A friend of PRK, Jack Cheng, a writer and teacher who lives in Newton, just took a course on knives and had this to share. He says he only uses four knives in his kitchen; the rest are just for show…
One of the biggest differences between home cooks and professionals is in the sharpness of their knives. For over 200 years, Boston area cooks — including Julia Child and Ming Tsai — have brought their knives to Stoddard’s for sharpening.
But there’s no secret to knife sharpening, or at least none that David Marks is keeping. The third generation owner of Stoddard’s is offering evening classes on knife sharpening. I went to the first class.
David began with a brief history of Stoddard’s (they have the fifth US Federal Tax ID ever issued) and an informative discussion on knives and how to maintain them. Then we had some hands-on trials with our own knives, using sharpening steels and whetstones. All the while David, business partner Jeff and assistant Anthony gave advice, offered demonstrations and answered many, many questions.
Some of the questions they answered:
What are the four knives you need in your kitchen?
How often do you need to sharpen your knives?
Should you buy the Ultimate Edge sharpening steel with microcrytalline bonded diamonds?
What are the dimples on knives for?
The answers to the latter two questions give a sense of the class and Stoddard’s, in general.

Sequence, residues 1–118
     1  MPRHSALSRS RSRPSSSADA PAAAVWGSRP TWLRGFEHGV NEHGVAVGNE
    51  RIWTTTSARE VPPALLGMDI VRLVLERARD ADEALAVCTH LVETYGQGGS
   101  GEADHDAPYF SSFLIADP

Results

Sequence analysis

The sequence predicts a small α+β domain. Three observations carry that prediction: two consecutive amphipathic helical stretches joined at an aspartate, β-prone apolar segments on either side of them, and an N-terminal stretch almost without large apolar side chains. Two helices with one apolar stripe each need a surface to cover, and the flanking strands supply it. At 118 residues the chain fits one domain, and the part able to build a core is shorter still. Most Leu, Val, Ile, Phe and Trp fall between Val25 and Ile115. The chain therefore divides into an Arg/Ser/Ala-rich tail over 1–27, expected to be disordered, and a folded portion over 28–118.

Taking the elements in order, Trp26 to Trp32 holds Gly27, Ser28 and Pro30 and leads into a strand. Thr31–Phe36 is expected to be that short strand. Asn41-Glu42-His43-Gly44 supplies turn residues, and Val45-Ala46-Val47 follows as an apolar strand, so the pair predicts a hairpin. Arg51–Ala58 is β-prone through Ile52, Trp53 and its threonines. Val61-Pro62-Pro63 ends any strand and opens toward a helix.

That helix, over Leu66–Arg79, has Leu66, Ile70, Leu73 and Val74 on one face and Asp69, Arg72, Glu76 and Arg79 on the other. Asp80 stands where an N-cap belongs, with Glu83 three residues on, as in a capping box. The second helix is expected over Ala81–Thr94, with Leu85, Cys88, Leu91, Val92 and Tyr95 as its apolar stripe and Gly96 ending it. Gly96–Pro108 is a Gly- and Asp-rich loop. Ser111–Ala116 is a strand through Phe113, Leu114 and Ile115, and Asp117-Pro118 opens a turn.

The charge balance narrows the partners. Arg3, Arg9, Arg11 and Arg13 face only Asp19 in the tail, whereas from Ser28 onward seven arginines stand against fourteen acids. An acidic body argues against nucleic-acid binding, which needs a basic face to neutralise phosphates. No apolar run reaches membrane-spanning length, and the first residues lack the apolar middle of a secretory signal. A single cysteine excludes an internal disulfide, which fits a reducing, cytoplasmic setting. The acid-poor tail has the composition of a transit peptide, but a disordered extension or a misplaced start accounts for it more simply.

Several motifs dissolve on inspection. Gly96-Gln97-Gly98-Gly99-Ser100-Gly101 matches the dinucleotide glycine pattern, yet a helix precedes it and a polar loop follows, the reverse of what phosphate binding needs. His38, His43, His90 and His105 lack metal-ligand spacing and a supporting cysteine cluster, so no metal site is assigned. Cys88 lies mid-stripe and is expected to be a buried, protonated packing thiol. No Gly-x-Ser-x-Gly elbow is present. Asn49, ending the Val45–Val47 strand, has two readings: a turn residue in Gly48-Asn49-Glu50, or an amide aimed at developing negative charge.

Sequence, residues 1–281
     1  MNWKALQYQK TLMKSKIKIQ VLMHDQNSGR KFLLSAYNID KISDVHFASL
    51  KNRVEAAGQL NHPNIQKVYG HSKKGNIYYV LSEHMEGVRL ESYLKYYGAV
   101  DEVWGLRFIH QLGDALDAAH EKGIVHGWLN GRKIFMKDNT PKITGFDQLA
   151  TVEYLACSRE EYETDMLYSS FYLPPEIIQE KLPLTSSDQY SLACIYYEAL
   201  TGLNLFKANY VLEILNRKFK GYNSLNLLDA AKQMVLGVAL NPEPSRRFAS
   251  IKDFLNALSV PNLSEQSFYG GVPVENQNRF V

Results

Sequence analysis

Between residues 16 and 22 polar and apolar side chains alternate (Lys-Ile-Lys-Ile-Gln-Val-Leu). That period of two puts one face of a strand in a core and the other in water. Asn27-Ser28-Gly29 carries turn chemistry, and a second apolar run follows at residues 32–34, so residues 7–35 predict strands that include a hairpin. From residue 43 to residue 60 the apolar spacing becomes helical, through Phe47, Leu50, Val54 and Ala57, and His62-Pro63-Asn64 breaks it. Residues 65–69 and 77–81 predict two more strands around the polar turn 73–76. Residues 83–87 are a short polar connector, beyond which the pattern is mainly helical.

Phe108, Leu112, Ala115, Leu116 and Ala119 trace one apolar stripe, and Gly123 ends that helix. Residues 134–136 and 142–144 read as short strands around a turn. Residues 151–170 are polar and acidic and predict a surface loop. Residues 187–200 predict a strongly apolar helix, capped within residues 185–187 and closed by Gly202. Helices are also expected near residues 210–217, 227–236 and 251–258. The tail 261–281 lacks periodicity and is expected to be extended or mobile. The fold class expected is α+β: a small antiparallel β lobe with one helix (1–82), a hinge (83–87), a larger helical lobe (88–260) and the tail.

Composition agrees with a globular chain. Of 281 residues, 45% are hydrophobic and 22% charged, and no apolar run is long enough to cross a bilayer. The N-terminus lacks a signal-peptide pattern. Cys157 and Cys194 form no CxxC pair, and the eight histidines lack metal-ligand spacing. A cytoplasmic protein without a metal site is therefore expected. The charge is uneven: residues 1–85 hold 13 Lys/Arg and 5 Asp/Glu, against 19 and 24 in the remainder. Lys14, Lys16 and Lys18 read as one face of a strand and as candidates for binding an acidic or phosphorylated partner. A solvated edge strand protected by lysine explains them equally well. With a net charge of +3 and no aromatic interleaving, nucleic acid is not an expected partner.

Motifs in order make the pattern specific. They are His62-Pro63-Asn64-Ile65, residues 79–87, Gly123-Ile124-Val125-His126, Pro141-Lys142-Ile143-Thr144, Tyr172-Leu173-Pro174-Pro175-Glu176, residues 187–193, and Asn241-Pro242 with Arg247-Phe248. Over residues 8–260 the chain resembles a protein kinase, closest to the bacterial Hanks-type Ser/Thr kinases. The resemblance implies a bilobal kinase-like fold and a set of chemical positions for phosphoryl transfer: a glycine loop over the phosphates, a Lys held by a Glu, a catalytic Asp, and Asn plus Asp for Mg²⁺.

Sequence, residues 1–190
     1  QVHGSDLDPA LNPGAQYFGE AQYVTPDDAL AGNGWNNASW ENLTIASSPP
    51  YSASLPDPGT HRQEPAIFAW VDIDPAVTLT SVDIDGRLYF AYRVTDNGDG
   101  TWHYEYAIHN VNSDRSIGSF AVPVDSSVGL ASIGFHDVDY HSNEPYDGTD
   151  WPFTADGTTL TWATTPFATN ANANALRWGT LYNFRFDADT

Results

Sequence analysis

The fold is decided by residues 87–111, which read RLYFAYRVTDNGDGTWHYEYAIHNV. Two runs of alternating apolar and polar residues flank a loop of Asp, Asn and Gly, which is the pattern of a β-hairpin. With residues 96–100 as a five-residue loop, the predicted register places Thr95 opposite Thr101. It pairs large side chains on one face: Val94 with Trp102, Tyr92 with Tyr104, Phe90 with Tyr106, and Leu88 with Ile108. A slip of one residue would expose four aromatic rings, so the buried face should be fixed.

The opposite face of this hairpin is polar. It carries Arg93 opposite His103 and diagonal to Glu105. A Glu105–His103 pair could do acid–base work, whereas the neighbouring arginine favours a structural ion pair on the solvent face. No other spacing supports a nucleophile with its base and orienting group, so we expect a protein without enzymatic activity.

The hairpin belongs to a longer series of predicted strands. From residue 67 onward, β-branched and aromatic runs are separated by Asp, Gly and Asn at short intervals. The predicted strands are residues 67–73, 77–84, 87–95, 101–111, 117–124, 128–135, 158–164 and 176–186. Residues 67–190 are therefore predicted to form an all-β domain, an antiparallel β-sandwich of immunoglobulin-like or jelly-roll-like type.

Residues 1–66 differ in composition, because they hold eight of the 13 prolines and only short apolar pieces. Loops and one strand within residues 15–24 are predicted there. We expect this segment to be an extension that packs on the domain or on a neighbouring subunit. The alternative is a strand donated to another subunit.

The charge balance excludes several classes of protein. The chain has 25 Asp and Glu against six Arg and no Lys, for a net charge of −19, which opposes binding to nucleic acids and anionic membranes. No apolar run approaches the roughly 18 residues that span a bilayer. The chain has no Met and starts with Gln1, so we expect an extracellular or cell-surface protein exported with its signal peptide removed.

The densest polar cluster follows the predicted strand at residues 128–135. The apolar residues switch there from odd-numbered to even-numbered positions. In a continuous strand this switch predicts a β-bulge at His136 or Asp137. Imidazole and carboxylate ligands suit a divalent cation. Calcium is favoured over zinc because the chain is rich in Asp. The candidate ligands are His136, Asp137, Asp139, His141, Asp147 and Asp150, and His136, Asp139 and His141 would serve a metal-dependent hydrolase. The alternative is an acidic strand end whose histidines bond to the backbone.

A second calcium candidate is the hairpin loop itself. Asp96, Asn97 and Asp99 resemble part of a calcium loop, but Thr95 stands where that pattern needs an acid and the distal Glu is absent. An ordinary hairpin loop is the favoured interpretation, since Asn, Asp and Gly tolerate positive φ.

After David explained that the Ultimate Edge steels were better than older models, he urged us not to buy them. “If you were starting over from scratch, I’d advise you to buy the Ultimate Edge,” he told us. But there’s no reason to get rid of a perfectly fine steel that you already have. As Anthony explained to me, Stoddard’s is not about selling planned obsolescence – they sell products of quality and value.
As for those dimples? Those are “Granton dimples,” named after the British knife maker that patented those shallow concavities. The patent has since run out and those dimples appear on all sorts of knives, but not always on the cutting edge where they make the blade sharper without weakening the structure of the entire knife. David and Jeff told us about watching a worker at the Granton plant applying each of the dimples by hand; this is why they are not completely regular on Granton knives. And, by the way, Julia Child declared the Granton carving knife her absolute favorite. Ask a question about dimples at Stoddards and you get stories informed by their long relationship with their suppliers and customers.
I’d recommend the class to anyone interested in cooking, although I will tell you a secret about Stoddard’s: if you don’t take the class, but just stop by and spend 30 minutes with David or Jeff, you’ll get an education.
Stoddard’s 360 Watertown Street, Newton, MA 02458 617-244-4187